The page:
This story is by Annie Clement and was part of our 2017 Fall Writing Contest. You can find all the writing contest stories here.
The beautiful canopy of blazing gold, bronze, and copper trees lining our drive rustled in the wind as I walked toward the house. I used to find comfort in the warmth of an October morning, when the air was cold enough to sting as I drew in each breath, while the heat from the sun served as a reminder that Winter had yet to win her battle. But, nothing was giving me the comfort I so desperately sought.
I walked alone, feeling as withered as the leaves that had fallen to the ground, trying to accept the solitude lying ahead of me. My cell phone rang, interrupting my mourning. I stopped to look at the caller ID. I knew if I didn’t answer, she would continue calling until I did.
“Mom, are you OK?”
“Yes,” I answered in as convincing of a voice as I could muster.
“Do you want to go to breakfast first?”
“No,” I said, “I’ll just meet you at the funeral home.”
Silence filled our conversation; neither of us had to say anything. That word, Funeral, said it all.
“Mom,” Debbie finally said, “We love you.”
I knew every time he deployed that it could end in Full Military Honors, but I always pushed the nagging thought to the deepest corner of my mind. Yet, here I was, sinking into this horrible abyss that I couldn’t push into the shadows. Had I not been so consumed with avoiding the dark reality of the moment, I might have found the ceremony very beautiful. I sat by his grave site, watching the leaves dance their final dance to the grass below in rhythm with the bugler’s lonely call to rest. Debbie had to nudge me when the young Marine presented a very tightly and neatly folded American flag to me. I hesitated – taking that flag meant never again would I feel his soft kiss on my lips or hear his soothing voice pulling me from the brink of anger. Never again would I wake to his arms around, making me feel so safe, so secure. Never again would I stand next to him feeling butterflies in my stomach as I looked him up and down in Full Dress Uniform. Never… Final, that’s what taking the flag meant.
As I turned away from Jack’s grave to return to the limousine, I noticed him for the first time. He sat beautifully with his head held high, chest puffed out, front legs straight and tail very still. He was a proud soldier waiting to be released from his post, staring at me as if I were the one to release him. I thought nothing of it until I saw him again at the reception. He was always near, but no too close. Every time I looked at him, he sat at attention as if he were waiting for me to give the next command.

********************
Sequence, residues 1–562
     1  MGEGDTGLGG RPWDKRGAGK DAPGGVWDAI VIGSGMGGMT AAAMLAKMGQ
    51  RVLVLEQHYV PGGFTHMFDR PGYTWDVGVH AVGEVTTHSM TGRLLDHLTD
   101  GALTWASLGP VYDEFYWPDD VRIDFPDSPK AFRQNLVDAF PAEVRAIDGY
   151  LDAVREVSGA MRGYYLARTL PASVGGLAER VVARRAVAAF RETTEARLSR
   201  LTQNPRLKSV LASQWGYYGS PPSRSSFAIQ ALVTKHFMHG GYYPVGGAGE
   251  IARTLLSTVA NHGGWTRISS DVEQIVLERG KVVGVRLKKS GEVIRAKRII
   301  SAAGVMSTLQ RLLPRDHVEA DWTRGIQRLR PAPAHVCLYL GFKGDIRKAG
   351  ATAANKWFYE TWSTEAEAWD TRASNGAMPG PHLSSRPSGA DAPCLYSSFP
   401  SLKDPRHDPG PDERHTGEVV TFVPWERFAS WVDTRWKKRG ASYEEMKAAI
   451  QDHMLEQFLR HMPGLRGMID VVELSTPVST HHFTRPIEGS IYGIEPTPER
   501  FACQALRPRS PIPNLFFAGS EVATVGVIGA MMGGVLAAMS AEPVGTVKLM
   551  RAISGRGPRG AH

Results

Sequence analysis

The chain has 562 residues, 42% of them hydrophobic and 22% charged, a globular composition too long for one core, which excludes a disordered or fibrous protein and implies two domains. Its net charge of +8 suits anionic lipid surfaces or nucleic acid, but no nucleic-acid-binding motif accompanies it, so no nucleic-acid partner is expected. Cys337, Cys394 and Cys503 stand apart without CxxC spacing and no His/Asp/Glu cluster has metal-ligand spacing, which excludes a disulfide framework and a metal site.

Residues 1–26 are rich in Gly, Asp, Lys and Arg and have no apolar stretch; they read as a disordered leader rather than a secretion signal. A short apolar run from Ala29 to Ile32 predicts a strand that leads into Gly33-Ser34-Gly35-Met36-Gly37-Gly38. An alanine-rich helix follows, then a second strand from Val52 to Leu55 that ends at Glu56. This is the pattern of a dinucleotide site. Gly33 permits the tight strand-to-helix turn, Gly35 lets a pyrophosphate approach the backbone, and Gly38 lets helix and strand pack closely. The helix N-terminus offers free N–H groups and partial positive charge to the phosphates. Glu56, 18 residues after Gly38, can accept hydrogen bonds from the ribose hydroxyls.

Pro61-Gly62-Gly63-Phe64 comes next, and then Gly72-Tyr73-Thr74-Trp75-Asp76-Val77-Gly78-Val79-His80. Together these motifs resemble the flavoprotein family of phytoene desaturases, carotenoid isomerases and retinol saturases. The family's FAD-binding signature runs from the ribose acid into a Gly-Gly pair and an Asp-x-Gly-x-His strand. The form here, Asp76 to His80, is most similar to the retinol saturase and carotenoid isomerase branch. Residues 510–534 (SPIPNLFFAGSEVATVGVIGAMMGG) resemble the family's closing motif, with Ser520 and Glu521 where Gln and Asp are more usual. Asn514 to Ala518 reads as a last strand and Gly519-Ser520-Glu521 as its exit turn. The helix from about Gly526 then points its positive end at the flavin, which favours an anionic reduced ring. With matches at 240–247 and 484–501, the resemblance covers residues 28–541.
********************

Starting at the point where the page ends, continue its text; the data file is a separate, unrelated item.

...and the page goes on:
“Ma’am?” a young soldier addressed me, “Can I get anything for you?”
“No, thank you,” I said, but before he could walk away, I asked, “Corporal, can you tell me whose dog that is?”
“He was the Colonel’s,” the Marine replied.
“That’s Zeus,” another voice from behind me said, “He became Jack’s buddy these past few months.”
I turned to face Brigadier General Mark Cramer.
“Hello, Linda,” he said as he took my hands in his and kissed my cheek. “How ya holding up?”
“I’m standing,”I answered, attempting to smile. “Mark, Jack never mentioned a dog in any of his letters or during our phone conversations. When did he get a dog?”
“He didn’t,” Mark answered. “Zeus was assigned to one of the men under Jack’s command. Unfortunately, Zeus’s handler was killed in action. Jack took Zeus under his wings until HQ decided what to do with him. Zeus was supposed to be put up for adoption last month, but Jack had grown attached to him. When the boys finally reached Jack that day, Zeus was laying on top of him, shielding him for further fire, and he wouldn’t leave Jack’s side at the hospital. A veterinarian had to be brought to the hospital to examine Zeus, but he wouldn’t let anyone near him or Jack except Jack’s doctor and nurse. When Jack passed, Zeus finally allowed them to tend to his own wounds.”